This all situates the Dogme vow to disallow level grading very much in the discourse of private language schools. In primary and secondary, it would be more interesting to consider the disallowing of age segregation – an experiment which has been tried in various places with mixed success. The situation in Etre et Avoir will be very familiar to many primary teachers. Perhaps language schools could mix up their adults’ and kids’ classes, and see how it goes.

When you then talk about alternative configurations (e.g. based around Open Space), it seems you are also referring to the private language school situation. But you talk about reconfiguring the ‘curriculum’ and this is not a word I associate with the typical private language school context. Private language schools don’t normally have a curriculum, do they? It’s something more readily associated with primary and secondary schools.

An occasional Friday afternoon option where students can choose what they attend is an interesting idea, but would it work? If students are not compelled to attend, my guess is that many would choose to do something else, especially if the weather is good. If they are compelled to attend (and where’s the diminution in hierarchy there?) but are free to choose their option, most will probably choose to go where their friends are going. Schools, even language schools, are not so very different from ELT conferences.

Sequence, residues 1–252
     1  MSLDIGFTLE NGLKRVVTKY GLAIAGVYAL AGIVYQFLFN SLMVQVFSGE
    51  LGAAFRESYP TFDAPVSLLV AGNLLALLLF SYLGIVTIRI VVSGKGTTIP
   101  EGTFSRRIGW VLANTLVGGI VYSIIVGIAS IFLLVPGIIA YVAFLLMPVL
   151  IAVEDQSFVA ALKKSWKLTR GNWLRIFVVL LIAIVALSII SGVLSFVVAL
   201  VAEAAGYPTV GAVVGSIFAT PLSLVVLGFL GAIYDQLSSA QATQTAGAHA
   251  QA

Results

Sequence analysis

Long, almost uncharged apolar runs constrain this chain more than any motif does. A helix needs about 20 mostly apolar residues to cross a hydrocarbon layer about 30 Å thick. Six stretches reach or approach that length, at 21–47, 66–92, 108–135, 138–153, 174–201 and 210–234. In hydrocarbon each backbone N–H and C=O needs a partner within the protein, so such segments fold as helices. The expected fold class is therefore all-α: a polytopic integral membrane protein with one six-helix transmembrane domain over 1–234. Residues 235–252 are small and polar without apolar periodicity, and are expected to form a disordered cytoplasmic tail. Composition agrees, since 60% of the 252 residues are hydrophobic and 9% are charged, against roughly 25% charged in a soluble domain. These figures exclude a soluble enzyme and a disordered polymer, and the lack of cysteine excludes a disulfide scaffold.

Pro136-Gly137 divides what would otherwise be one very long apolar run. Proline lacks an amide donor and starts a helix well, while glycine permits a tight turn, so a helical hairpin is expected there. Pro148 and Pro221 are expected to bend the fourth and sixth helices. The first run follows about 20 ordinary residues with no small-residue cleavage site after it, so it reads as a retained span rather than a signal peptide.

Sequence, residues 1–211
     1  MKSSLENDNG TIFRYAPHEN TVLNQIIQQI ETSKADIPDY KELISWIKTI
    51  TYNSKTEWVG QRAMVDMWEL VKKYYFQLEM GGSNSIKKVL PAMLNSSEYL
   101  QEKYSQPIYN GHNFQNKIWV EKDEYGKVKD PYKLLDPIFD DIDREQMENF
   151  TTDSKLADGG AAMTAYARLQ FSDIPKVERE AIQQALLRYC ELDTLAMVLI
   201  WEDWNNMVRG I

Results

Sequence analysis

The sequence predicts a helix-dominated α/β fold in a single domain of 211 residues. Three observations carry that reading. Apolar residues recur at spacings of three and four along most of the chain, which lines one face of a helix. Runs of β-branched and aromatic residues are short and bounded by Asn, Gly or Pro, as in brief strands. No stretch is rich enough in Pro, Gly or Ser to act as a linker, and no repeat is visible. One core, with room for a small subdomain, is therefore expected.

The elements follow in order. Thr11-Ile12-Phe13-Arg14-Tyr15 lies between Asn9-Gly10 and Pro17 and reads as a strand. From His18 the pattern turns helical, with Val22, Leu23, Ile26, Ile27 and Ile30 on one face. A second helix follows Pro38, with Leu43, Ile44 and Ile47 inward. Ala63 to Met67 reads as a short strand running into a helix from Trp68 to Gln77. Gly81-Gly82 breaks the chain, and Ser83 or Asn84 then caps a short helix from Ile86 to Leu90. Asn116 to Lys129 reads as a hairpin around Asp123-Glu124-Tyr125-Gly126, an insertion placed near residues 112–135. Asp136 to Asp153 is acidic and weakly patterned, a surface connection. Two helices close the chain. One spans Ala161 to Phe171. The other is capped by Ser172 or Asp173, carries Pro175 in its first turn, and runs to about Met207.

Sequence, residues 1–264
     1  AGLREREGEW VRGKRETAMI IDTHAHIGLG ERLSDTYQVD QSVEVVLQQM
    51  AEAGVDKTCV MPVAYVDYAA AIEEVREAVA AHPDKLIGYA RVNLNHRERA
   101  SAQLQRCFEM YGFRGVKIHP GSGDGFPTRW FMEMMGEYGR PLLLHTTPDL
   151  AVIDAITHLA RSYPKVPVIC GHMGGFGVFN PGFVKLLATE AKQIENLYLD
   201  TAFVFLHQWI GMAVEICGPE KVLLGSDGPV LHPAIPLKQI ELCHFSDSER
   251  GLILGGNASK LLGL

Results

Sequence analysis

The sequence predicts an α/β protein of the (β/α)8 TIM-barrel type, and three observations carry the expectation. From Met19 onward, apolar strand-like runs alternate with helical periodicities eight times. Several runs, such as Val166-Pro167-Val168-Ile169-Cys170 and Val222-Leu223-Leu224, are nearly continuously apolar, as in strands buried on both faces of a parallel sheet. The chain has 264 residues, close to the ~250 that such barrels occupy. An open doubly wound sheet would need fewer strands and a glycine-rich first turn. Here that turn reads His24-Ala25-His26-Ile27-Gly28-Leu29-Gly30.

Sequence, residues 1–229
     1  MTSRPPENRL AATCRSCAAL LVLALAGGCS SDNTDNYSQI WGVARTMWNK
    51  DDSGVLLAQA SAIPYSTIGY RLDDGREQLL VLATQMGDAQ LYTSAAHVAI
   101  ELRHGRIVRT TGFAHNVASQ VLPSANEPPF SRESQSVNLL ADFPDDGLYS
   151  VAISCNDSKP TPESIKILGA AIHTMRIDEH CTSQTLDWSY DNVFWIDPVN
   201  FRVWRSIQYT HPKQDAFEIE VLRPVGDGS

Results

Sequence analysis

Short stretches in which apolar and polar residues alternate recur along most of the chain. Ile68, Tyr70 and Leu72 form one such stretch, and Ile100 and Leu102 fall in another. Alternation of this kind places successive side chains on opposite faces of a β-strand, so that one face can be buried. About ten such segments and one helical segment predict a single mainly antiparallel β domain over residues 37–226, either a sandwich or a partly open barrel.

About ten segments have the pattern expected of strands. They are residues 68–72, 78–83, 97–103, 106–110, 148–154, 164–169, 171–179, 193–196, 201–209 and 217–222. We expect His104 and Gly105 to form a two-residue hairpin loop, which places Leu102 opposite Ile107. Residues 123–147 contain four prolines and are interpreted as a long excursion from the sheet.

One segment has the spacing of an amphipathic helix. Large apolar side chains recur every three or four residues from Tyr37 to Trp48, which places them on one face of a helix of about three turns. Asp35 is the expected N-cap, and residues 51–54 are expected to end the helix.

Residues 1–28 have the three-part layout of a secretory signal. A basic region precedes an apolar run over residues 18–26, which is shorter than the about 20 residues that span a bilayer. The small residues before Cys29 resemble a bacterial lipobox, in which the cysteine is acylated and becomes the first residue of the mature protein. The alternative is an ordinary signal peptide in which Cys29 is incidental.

23 05 2011
Mr Darkbloom

Like Anthony said earlier, in many (humanistic/progressive) schools across the world learners are not necessarily grouped together by age, but more by their personal curiosity and perceived learning needs.

Yes, these schools are typically private ones, but we really, really need this system in state schools.

In my opinion typical high school at the very least needs to be transformed into something like this: